August 16, 2007
Rethinking—and revitalizing—religious schools
(Page 2 - Previous Page)But will the intensity -- and knowledge -- of August wear off by November? And does condensing religious school into a few weeks in the summer and winter send the wrong message about the consistency of commitment required for Jewish learning?
Raff believes the flow of events throughout the year will keep the summer spark alive.
"What it becomes is something exciting and fun. Kids don't respond to school in the same way they respond to camp. Kids love going to summer camp, and unfortunately, the average child doesn't like going to religious school," he said, adding that nevertheless kids at Temple Judea's regular religious school are quite happy there.
Raff is likely to face some opposition when the synagogue tries to change a model that is so entrenched in the American Jewish culture. New models can be perceived as dumbing down the curriculum; capitulating to families' dwindling willingness to invest time in building Jewish identity. And some experiments might be too radical, or require too much participation from parents.
Some pilot programs have garnered attention, according to Isa Aron, a professor of Jewish education at the Rhea Hirsch School of Education, and a founder of the Experiment in Congregational Education. In Boston, Kesher, an after-school daycare, offers informal study time, Judaic electives and Hebrew study. At a congregation in Rye, N.Y. that just went through Re-Imagine, children and their parents separately and then together study a specific value with accompanying Torah text and prayers, following up by acting out that value in social action and then creating a family project.
Aron's favorite model is the Shabbat learning community.
"If a family is going to services on Shabbat every week and learning for 10 years, that is going to change people," Aron said. "It doesn't always make them Shabbat shul-goers, but it gives them a sophisticated concept of Judaism and it makes what you are learning about in the school context true to how you are actually living."
IKAR, a spiritual community in Los Angeles, has adopted the Shabbat model.
"Our philosophy is to teach Jewish life as Jewish life is happening, and it doesn't happen in two-hour blocks on Tuesdays and Sundays, it happens on Shabbat," Lisa Alpern, director of education and family programming said.
Founded in 2004 and now 300-member units strong, IKAR is launching its religious school this year, with one weekday afternoon of Hebrew study and a Shabbat program with parallel prayer and study tracks for kids and adults, based on IKAR's vision of the intersection of spirituality and social action.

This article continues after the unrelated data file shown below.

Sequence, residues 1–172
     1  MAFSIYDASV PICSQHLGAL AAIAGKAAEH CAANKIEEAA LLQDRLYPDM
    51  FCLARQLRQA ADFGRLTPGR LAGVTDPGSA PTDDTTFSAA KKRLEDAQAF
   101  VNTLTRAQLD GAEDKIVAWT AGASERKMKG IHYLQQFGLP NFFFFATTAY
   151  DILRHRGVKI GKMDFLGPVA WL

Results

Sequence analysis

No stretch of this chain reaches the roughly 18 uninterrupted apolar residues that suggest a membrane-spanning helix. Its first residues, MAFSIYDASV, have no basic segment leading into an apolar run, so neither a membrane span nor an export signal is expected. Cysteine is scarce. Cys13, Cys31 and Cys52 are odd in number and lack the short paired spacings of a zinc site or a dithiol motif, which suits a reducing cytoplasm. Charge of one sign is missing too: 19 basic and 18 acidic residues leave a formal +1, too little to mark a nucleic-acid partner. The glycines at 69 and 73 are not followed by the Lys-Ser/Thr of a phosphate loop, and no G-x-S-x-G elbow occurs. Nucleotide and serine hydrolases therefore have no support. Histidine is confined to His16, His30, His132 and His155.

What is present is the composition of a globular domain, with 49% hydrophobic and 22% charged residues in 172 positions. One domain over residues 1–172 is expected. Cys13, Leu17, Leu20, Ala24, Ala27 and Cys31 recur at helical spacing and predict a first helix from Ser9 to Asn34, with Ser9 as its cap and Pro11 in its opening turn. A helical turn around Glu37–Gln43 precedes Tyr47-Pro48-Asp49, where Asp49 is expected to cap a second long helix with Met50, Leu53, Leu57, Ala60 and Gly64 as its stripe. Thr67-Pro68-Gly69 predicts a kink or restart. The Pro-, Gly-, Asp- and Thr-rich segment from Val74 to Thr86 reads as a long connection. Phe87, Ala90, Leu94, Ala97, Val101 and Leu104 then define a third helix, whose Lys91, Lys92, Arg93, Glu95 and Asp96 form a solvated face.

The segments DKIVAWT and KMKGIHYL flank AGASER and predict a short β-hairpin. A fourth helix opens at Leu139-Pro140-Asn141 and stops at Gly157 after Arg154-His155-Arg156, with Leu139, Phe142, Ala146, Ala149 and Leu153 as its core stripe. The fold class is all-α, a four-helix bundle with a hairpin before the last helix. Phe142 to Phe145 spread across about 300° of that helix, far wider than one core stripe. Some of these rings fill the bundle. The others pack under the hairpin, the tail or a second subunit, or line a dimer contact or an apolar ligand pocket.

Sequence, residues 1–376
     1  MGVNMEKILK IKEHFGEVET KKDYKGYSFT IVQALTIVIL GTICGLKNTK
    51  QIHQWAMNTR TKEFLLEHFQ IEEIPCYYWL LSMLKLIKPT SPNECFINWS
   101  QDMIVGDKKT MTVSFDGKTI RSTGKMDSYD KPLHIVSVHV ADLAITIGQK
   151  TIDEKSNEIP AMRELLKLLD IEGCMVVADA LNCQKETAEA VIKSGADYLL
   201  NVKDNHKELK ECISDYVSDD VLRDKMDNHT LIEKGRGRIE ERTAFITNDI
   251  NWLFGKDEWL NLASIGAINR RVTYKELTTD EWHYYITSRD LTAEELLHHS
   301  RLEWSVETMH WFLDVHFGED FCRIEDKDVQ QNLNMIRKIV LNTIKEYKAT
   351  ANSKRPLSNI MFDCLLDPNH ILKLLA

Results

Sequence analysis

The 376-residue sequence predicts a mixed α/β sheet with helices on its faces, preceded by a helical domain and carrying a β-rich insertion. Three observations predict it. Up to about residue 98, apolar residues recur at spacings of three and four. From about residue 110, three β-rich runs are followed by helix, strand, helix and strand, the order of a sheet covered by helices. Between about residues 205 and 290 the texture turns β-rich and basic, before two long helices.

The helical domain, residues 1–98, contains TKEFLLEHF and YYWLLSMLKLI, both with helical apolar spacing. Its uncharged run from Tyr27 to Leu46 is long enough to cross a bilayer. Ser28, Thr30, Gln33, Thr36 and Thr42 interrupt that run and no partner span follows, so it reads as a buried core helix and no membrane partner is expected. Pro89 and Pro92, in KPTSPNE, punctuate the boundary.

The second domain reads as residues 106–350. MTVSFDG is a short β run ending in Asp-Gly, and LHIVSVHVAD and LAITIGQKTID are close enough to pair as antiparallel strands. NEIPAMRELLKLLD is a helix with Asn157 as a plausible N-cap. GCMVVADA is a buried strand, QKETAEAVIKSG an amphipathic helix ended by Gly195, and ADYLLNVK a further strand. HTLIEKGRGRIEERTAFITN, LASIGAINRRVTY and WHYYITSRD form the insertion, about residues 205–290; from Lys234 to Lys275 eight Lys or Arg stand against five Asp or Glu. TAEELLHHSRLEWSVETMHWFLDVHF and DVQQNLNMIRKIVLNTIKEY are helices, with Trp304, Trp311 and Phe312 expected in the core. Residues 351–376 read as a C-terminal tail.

But the Shabbat model has one significant challenge: Parents are required to make the same time commitment required of their kids.
"Most parents, though they are dedicated to instilling within their children a love for Judaism are not necessarily willing to partake in in a consistent way, not because they don't have an authentic love for Judaism themselves, but rather that their ultimate interest is the bar or bat mitzvah ceremony," said Meirav Finley, who runs Ohr HaTorah's religious school, which meets on Shabbat and has about 70 kids. "They are more attracted to the kind of school where they candrop their kids off on Sunday, and go to the tennis court or shopping or to work."
Meirav and her husband, Ohr Ha Torah spiritual leader and founder Rabbi Mordecai Finley, have created the religious school in the mold of the synagogue, whose nondenominational, progressive congregation meets in the Faith Tabernacle Church in West Los Angeles. The Finley's vision is for the kids as well as the adults to understand that Jewish tradition, appreciated in the full context of history and spirituality, can be immeasurably enriching -- if the whole family is actively involved.
"Sure, we can teach Shabbat observance. However, if it is not practiced and experienced by the family is it not absorbed and creates conflict at the home as well as the classroom," Finley said.
While regular Shabbat attendance is not the norm for all communities, many schools are trying different approaches to integrating parents into the process. Some require parents to attend Sunday morning classes, others send material home for parents and kids to complete together. Schools are working toward parents reinforcing what kids learn through rituals in the home.
At Temple Emanuel, parents are invited to six chagigot, holiday celebrations, where kids present their projects, opening up avenues for family discussion and creating a more cohesive community among the families.
Last year Emanuel switched to project-based learning. After a short introduction from the teacher about the matriarchs, for instance, kids might research, write and perform a play on the life of Rebecca. Kids reap the benefits of studying topics in depth, choosing to work alone or in groups and picking a medium that interests them -- comic books, art or video productions said Geoff Prass, Emanuel's religious school principal.
Educational experts agree that mastering a topic to present to others is one of the best ways to learn it. Focusing on specific aspects of a holiday or Torah portion also avoids repetition from year to year.
For Hebrew study, Temple Emanuel adapted the Union for Reform Judaism's Mitkadem curriculum, in which kids work independently to learn to read the prayers, grasp their meaning and translate important Hebrew words' roots, then progress to the next level when they pass an evaluation.
The approach has motivated kids to work hard and allowed for the appropriate level of teacher input and time, said Rabbi Jonathan Aaron, director of education at Temple Emanuel.
Aaron and Prass both say they see kids excited about the progress they make. Of course, there are challenges as well.